I am delighted to announce that Professor Cornelia Tsakiridou, author of several exceptional books on the holy icon, will be giving a special lecture on the evening of Tuesday 14th March 2023 at the Hellenic Centre in London, UK. The lecture is organised by The Prince’s Foundation, School of Traditional Arts and generously made possible by the A. G. Leventis Foundation. We very much look forward to welcoming all who can attend for what promises to be a fascinating and insightful exploration of the subject.
Date: 14 March 2023
Time: 7:00 PM
Location: The Hellenic Centre, 16-18 Paddington Street, London W1U 5AS, UK.
For further details and reservation of tickets: https://princes-foundation.org/school-of-traditional-arts/open-programme/lecture-the-neptic-icon-and-orthodox-tradition-1350a8
The ascetical or hesychastic life in Orthodox Christianity culminates in a type of mental and perceptual vigilance or nepsis in prayer that unites the heart with God. The extension of this concept to art is prompted by Neptic counsels that use examples from nature to describe the intensity and concentration of the spiritual states involved. Drawing from this literature and Orthodox theology, this paper explains how icons can reach a level of aesthetic and spiritual vitality that places the Christian image in an immanent and redemptive relationship to the world. The neptic icon is thus open to its epoch and to other art forms and has a wider aesthetic range than narrow interpretations of the Orthodox icon and tradition might suggest.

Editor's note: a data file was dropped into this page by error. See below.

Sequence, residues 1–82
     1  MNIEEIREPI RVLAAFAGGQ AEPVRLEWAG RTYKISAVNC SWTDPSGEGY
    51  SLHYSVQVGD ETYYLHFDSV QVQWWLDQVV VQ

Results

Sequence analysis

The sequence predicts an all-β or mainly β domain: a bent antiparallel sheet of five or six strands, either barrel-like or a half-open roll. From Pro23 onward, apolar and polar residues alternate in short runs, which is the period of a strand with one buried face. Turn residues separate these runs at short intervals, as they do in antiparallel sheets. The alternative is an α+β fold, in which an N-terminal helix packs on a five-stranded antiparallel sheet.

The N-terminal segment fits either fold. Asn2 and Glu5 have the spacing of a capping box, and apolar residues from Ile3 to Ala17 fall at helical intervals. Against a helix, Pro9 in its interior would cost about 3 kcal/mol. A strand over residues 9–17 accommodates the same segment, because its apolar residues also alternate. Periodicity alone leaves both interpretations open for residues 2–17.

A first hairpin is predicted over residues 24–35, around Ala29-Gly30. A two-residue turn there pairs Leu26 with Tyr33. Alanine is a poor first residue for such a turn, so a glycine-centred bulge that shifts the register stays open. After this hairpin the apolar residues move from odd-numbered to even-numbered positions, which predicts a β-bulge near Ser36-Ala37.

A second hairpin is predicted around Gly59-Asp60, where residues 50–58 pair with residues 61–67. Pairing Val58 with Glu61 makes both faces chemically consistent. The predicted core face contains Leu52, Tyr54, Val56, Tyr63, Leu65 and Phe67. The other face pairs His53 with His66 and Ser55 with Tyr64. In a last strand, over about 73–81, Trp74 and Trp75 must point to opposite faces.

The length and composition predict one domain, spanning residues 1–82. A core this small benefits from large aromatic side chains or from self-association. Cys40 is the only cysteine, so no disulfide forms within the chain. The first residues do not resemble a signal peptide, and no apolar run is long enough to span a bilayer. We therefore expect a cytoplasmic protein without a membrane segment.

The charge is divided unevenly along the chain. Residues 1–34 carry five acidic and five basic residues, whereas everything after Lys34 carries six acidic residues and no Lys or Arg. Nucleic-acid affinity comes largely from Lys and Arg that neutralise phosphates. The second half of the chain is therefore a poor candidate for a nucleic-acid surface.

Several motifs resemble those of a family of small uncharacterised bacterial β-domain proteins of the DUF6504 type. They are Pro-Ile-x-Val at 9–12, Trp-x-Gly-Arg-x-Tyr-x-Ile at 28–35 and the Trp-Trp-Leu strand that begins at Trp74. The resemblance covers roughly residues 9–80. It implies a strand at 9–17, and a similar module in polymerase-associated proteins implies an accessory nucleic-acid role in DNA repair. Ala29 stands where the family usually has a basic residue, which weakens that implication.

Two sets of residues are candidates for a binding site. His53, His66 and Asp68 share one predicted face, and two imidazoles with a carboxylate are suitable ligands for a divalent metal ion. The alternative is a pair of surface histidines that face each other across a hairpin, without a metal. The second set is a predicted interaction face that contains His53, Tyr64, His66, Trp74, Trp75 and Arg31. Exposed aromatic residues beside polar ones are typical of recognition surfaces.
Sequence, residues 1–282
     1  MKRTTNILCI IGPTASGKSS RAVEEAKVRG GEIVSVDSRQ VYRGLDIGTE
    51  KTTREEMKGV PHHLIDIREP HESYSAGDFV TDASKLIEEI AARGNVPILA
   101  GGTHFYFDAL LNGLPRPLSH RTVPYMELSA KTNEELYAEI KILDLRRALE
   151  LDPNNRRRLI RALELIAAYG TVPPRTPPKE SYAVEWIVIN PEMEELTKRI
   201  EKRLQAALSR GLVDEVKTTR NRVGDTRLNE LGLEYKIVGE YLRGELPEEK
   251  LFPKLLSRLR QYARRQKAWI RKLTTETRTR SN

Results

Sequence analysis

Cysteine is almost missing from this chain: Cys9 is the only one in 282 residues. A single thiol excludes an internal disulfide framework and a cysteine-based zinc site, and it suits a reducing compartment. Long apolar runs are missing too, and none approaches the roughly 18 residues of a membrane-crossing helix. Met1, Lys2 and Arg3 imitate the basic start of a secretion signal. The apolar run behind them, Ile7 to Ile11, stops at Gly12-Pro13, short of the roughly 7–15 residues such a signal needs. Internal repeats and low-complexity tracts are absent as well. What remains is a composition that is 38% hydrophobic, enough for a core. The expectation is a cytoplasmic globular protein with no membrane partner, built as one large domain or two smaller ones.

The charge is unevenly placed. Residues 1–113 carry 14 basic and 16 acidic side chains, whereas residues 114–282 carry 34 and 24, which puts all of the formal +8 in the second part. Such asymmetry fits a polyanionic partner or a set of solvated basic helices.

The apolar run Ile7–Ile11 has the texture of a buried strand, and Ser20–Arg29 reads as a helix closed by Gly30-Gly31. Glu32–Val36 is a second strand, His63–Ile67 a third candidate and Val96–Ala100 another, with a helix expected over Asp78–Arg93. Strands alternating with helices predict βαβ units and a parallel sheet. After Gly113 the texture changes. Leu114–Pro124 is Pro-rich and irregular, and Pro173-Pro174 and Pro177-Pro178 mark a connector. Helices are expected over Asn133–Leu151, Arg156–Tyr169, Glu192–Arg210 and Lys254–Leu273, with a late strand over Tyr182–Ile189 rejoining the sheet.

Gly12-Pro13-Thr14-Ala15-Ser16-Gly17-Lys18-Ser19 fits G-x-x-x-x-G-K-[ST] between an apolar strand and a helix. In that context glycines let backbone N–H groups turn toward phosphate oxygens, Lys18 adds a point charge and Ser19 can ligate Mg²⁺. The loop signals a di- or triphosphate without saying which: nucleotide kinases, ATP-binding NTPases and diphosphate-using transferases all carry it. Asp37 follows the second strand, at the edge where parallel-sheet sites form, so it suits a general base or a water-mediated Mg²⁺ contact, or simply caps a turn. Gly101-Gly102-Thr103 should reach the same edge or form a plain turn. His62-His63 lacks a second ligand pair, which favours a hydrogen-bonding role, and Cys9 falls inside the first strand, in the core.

Professor Tsakiridou introduces the lecture on the link below:
Cornelia A. Tsakiridou is Professor of Philosophy at La Salle University, Philadelphia. She specializes in aesthetics and metaphysics, with a focus on the intersection of Christian iconography, Orthodox theology, and the visual arts. Her most recent publications include Tradition and Transformation in Christian Art: The Transcultural Icon (Routledge 2019) and Icons in Time, Persons in Eternity: Orthodox Theology and the Aesthetics of the Christian Image (Ashgate/Routledge, 2013). A third monograph on The Orthodox Icon and Postmodern Art is forthcoming with Routledge. She was born in Thessaloniki, Greece and studied Philosophy at Georgetown University where she wrote her doctoral dissertation on G.W.F. Hegel’s Aesthetics.
This lecture is made possible with the support of the A.G. Leventis Foundation.
Main photo: Eusthathios Iakovou, The Healing of the Demoniacs, 1522, Chapel of Saint John the Theologian, Monastery of the Mavriotissa, Kastoria Greece.